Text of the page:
By way of update to our August 2016 MarketCaps, on November 1, 2016, the Canadian government announced two important developments related to the Investment Canada Act in its Fall Economic Statement. Both are intended to facilitate increased foreign investment in Canada.
Before the end of 2016, the government will publish guidelines under which investments will be examined under the national security provisions. While the government’s announcement does not provide details as to the likely contents of the guidelines, the goal seems to be to strike a balance between providing increased transparency to help foreign investors better understand and navigate the review process, while ensuring that the integrity of the national security process is maintained. We will provide a subsequent update on the guidelines shortly after they become public.
As explained in our August 2016 MarketCaps, almost immediately after the national security review powers were enacted, stakeholders began to press the government for guidance as to when they might come into play. Earlier this year, the government published some high level information on the use of the powers, including the number of national security reviews that have been conducted and the outcome of those reviews. With its November 1, 2016 announcement, the government is going a step further. This will almost certainly be welcomed by most stakeholders as a step in the right direction, with the size of that step to be assessed based on the contents of the guidelines once they become public.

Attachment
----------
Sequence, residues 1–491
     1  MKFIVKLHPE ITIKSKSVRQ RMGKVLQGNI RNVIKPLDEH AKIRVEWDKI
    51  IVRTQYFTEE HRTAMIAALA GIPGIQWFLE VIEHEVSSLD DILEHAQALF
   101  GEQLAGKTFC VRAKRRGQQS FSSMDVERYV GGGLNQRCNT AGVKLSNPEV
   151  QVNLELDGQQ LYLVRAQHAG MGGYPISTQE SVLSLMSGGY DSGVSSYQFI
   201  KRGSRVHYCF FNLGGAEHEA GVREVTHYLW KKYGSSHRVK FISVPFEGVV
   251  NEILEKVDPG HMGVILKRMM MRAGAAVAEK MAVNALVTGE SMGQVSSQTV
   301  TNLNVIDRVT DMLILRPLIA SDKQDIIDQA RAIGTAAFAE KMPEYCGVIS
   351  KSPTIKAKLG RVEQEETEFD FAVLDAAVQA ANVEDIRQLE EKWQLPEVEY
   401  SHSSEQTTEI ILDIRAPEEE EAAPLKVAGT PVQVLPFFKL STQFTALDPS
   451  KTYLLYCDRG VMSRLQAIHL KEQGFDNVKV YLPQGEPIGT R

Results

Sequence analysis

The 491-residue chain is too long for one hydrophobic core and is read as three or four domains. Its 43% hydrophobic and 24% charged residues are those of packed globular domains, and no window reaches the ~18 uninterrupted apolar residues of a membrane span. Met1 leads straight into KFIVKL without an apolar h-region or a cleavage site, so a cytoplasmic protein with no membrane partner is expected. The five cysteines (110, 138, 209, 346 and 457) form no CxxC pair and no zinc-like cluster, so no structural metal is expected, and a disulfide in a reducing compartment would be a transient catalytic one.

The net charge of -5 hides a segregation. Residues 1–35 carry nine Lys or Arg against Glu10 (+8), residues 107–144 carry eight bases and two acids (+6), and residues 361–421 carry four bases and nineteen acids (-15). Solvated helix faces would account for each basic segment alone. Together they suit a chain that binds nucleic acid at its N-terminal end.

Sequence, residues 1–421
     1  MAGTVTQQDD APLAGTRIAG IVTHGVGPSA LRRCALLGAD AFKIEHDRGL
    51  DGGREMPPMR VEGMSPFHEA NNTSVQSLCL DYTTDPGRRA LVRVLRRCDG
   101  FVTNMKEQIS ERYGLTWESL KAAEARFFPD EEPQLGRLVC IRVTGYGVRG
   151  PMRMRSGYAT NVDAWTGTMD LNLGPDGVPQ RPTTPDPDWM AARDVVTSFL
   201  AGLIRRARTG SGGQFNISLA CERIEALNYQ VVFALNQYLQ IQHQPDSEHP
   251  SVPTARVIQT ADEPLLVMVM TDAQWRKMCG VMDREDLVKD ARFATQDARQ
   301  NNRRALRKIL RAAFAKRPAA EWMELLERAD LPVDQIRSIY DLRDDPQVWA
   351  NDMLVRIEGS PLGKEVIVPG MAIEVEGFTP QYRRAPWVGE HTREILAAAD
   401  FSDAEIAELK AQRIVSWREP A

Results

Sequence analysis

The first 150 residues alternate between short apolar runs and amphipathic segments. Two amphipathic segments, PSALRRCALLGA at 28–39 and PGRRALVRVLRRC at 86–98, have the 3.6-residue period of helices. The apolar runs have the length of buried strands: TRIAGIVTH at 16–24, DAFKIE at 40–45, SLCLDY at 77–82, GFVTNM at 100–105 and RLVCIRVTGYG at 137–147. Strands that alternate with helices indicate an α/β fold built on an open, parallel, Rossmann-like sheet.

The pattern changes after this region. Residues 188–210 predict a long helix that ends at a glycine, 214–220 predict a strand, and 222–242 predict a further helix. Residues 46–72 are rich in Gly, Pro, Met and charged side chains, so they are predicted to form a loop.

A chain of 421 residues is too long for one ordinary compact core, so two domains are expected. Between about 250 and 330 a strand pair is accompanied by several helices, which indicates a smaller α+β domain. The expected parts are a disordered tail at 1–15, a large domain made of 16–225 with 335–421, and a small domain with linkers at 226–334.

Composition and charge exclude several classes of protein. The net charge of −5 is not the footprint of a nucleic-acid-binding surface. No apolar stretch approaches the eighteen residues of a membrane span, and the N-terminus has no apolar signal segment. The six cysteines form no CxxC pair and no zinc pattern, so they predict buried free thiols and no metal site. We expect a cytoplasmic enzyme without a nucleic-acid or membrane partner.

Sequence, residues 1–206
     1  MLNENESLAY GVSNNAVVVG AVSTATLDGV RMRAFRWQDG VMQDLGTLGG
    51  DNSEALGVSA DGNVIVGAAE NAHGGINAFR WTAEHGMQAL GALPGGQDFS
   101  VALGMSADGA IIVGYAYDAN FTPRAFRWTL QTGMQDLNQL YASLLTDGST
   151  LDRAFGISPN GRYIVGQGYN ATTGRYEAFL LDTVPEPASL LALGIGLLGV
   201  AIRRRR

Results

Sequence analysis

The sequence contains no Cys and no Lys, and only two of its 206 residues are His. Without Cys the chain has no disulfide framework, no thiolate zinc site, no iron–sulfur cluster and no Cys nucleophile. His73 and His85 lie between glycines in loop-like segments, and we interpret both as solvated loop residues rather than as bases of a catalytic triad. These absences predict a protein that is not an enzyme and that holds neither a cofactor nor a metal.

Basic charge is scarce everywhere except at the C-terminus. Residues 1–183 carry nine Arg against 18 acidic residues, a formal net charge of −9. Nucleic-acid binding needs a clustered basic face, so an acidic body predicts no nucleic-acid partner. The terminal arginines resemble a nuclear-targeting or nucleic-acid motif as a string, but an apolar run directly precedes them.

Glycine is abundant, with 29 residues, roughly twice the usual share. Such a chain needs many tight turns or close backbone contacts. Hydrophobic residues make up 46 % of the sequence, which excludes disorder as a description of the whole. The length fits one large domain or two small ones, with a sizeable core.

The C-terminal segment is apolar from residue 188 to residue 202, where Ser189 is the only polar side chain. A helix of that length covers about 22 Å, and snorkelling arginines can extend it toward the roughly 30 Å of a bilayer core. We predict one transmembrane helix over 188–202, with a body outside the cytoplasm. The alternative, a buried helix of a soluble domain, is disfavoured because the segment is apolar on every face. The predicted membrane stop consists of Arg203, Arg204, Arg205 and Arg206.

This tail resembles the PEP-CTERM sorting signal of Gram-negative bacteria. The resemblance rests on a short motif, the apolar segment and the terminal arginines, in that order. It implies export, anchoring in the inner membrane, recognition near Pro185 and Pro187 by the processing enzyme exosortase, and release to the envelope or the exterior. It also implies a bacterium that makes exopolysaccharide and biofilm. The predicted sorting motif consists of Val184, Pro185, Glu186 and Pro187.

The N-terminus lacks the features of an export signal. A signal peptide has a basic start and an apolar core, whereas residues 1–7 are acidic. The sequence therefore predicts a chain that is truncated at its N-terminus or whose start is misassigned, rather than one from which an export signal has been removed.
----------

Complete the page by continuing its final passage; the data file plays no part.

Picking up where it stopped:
Accelerated increase of key financial review threshold
The most commonly applicable financial threshold above which pre-closing review and approval is required, which is currently C$600 million of enterprise value, will be increased to $1 billion in 2017, two years earlier than originally planned by the former government. This threshold applies to the direct acquisition of control of a non-cultural Canadian business by a foreign investor that is ultimately controlled by residents of a World Trade Organization member and is not a state owned enterprise. For more information about how the threshold is calculated, other thresholds that may apply, and the review process generally, please click here to view our Guide to Doing Business in Canada: Regulation of Foreign investment.
Although not part of the government’s November 1, 2016 announcement, it is worth noting that if CETA comes into force, which while still not a certainty appears more likely now than only a short while ago, the threshold will increase to C$1.5 billion for investors that are ultimately controlled by residents of EU members. In the government’s 2015-2016 fiscal year, 21.22% of foreign investment in Canada by total number of investments originated from the EU. While this is significant in its own right, even more significant is that Canada’s other free trade agreements have most favoured nation provisions that will afford the CETA review threshold to the counterparties to these other free trade agreements. The vast majority of foreign investment in Canada originates in countries with which Canada has a free trade agreement.